Global warming target dispute leaves UN climate deal in the balance

The outcome of key UN climate talks on Saturday was to back away from global warming targets after the EU strongly threatened to walk away from the COP27 summit.

National negotiators say progress is being made on a previously deadlocked issue of funding rich countries for “losses and damages” to poor countries suffering from climate change.

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But Germany’s climate minister, Jennifer Morgan, said the deal would only be approved if it included measures to “keep 1.5 alive,” a phrase that became the mantra of last year’s COP26 talks in Glasgow.

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This refers to the 2015 Paris Agreement’s goal of keeping global warming below 2°C above pre-industrial levels, ideally below 1.5°C, by reducing greenhouse gas emissions.

A group of countries known as the “highly ambitious coalition” including Britain, Germany and Spain said late on Saturday that temperature targets and funding for losses and damages should be included in the final COP27 agreement.

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“It doesn’t make sense to have one without the other, otherwise we will accept the catastrophe and not move forward to avoid climate change,” said Maysa Rojas, Chile’s environment minister.

Marshall Islands climate ambassador Tina Stege, right, Britain’s Alok Sharma and Germany’s Jennifer Morgan, left, part of the ambitious coalition © SEDAT SUNA/EPA-EFE/Shutterstock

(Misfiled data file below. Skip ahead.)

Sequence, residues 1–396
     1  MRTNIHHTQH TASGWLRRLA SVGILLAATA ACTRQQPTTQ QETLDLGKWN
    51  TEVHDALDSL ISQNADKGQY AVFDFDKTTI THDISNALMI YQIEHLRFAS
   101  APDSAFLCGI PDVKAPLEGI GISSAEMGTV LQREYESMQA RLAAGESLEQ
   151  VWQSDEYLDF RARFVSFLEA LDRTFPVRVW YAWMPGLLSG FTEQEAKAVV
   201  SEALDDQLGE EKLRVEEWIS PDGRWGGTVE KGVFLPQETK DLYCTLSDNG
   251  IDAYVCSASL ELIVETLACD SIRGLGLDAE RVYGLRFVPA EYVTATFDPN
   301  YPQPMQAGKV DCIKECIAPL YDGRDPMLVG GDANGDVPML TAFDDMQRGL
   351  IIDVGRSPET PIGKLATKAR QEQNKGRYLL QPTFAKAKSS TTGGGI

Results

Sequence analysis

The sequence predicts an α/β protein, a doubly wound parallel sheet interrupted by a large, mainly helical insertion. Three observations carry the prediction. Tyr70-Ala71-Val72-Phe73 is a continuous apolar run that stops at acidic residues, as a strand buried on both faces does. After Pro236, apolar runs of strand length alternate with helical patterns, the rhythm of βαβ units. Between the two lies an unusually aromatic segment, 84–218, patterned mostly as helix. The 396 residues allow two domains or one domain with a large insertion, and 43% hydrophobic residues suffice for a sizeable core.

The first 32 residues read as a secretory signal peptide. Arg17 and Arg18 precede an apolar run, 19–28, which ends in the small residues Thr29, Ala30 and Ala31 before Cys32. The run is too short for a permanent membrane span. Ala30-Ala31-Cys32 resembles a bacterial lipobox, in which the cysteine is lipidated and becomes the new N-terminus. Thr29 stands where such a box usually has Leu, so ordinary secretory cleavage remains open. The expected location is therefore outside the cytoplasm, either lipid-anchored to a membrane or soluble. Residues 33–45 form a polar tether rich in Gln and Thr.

The summit was supposed to end on Friday, but was extended over the weekend as negotiators remain at odds on key issues.

“We don’t want 1.5C to die here today,” EU climate chief Frans Timmermans said on Saturday as he issued extreme temperatures.

“Everything is on the table, these are high stakes, capitals are calling,” said one European diplomat.

The question of how countries will step up their emissions reductions remained looming on Saturday, raising concerns among some negotiators that the 1.5C target could be at risk.

“We would rather not make a decision than make a bad one,” Timmermans told reporters in Sharm el-Sheikh.

“All the ministers . . . “If we don’t do something about the climate crisis, if we don’t get the results that the world expects, I’m ready to go,” he said.

Sun Zhen, China’s vice president for climate change, is participating in the COP negotiations. One of the countries opposing the EU proposal is China © AP

China, Brazil and Saudi Arabia are among the countries opposed to increasing emissions reductions, according to people with knowledge of the discussions.

Climate deals are always broken and rarely completed on time, but it is not unusual for a large group of Western countries, including the EU, to threaten to leave at the last minute.

Romina Pourmohtari, Sweden’s climate and environment minister, said “no one should underestimate” the threat of leaving the EU. “There’s nobody here willing to go back to our country and explain why we’ve taken a step back.”

The union points to the importance of last year’s Glasgow climate deal, which included a pledge to reduce the use of coal, the dirtiest fossil fuel.

COP27 president Sameh Shoukry, Egypt’s foreign minister, said on Saturday that the final draft agreement would take a “comprehensive approach to tackling the challenge of climate change” and maintain the 1.5C target.

Shoukry said there was “equal dissatisfaction across the board” but said the “vast majority” of parties would find a basis for an agreement.

“There’s never a perfect solution, but I’ve done my best to build a foundation for us to move forward,” Shawkri said. “It takes some effort to get to the convergence point.”

There were also concerns about how the Egyptian presidency was handling the summit. “I’ve never experienced anything like transparency, unpredictability, chaos,” said one agent.

The negotiating teams of the countries were given a short time early in the morning to review the updated text of several important outstanding issues; This is “not a normal procedure,” said one EU official.

Additional reporting in Sharm el-Sheikh by Pilita Clark and Emilia Michasuk

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